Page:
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How to Write a Query Letter – Part 2

by | Feb 20, 2013 | Writing | 0 comments

Grammar Chic, Inc. Query Letter Part 2 Blog Post

Last week I shared some information about how to write a query letter and covered some definite dos that any writer who has a manuscript must accomplish when introducing their work to an agent or publisher.  This week, I’m going to cover the second part of the topic: things you definitely should avoid if you ever hope to woo the powers that be and inspire any sort of interest in your book.

When Writing a Query Letter, Absolutely Avoid the Following…

  • Coming across as arrogant.  Don’t ever make claims that your manuscript is a “definite bestseller” or tell the agent or publisher that they would be “dumb to miss this opportunity.”  It might sound farfetched, but really, people do this.  I can personally attest to writers who have called me on the phone only to tell me that people like Margaret Mitchell of Gone With the Wind fame were complete hacks and that they are more imaginative than J.K. Rowling.  Now, love either of those authors or hate them, it doesn’t matter, you can’t discount their accomplishments when you are unproven as a writer.  If you are going to brag about your book in the query, save it for the end of the letter and then provide details that are meaningful or attest to your credentials.
  • Detailing your age.   No matter if you are young, middle aged or old, if you offer up your age it can create bias and count against you, making it more difficult to sell your manuscript.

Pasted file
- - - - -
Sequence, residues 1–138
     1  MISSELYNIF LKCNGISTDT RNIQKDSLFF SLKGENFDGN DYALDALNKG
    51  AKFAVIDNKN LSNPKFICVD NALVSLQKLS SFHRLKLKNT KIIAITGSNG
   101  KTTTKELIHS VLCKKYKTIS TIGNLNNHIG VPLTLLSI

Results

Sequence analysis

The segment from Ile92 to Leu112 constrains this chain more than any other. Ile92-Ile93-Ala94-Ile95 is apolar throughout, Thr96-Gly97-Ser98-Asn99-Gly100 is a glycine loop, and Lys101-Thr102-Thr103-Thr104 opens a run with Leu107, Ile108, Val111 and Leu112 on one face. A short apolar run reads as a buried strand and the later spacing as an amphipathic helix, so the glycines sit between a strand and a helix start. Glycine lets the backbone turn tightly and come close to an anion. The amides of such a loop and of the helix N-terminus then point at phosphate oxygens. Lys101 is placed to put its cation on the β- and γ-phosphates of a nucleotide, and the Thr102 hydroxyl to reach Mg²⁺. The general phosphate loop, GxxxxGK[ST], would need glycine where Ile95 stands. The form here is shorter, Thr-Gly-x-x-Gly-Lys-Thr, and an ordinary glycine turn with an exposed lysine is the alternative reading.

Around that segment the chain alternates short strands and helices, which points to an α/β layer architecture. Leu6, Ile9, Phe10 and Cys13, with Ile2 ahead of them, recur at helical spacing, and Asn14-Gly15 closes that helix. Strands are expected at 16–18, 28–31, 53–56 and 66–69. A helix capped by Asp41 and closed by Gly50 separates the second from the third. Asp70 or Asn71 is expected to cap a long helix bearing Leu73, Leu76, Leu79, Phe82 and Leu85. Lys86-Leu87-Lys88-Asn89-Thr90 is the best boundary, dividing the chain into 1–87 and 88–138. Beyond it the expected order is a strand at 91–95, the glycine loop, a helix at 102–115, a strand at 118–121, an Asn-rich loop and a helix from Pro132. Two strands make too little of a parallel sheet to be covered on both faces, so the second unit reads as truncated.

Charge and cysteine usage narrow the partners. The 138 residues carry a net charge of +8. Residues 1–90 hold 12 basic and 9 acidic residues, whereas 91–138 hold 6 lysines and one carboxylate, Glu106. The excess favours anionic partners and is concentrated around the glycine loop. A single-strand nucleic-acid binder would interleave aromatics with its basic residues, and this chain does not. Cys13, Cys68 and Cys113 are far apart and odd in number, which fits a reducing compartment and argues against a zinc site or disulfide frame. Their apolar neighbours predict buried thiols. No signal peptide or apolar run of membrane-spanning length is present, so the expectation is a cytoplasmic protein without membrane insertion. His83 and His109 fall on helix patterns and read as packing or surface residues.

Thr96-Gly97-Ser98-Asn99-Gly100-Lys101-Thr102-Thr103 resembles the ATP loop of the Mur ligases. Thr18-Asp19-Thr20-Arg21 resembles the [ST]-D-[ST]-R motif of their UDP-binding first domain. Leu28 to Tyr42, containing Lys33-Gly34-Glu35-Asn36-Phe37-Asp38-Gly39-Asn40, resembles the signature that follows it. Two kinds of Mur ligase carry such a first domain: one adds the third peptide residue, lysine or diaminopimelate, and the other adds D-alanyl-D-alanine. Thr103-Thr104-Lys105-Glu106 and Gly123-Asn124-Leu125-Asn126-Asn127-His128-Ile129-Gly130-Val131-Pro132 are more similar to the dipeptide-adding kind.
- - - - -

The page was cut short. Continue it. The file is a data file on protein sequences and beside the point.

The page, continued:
• Tell an agent how much you value their time. I have actually had agents tell me that when you do this, you risk wasting valuable space in your query letter; space that could be used selling your book or discussing its marketability.  Agents and publishers know how busy they are and don’t need you to tell them this.
  • Include writing credits that don’t mean anything or that don’t serve a purpose.   This means that unless you have been published by a traditional publisher, have had work appear in some great literary review or have written work highlighted in some other esteemed publication, it’s best not to grasp at straws here and fill up space with credits that do not impress.  Stick to the concept of your story and sell it.  On the flip side of this, if you do have non-literary credentials that you want to highlight, here is your chance to do it.  For instance, maybe you are a family lawyer who has 20 years in your respective field and you are writing a self-help book on how to handle a divorce—that is something worth highlighting.  Anything that makes you look like a pro, an authority in your field, should be outlined as you close your query letter.

Query letter writing might seem intimidating, but really, if you stick to basics, focus on what you are looking to achieve (selling your manuscript) and keep a bit of humility, you’ll be alright.  The team at Grammar Chic knows the perfect formula for query letter writing and would be excited to learn more about your manuscript!  Contact Grammar Chic today by calling 803-831-7444 or sending an email to info@grammarchic.net.  Look for more writing tips and tricks by following us on Twitter @GrammarChicInc or giving us a “Like” on Facebook.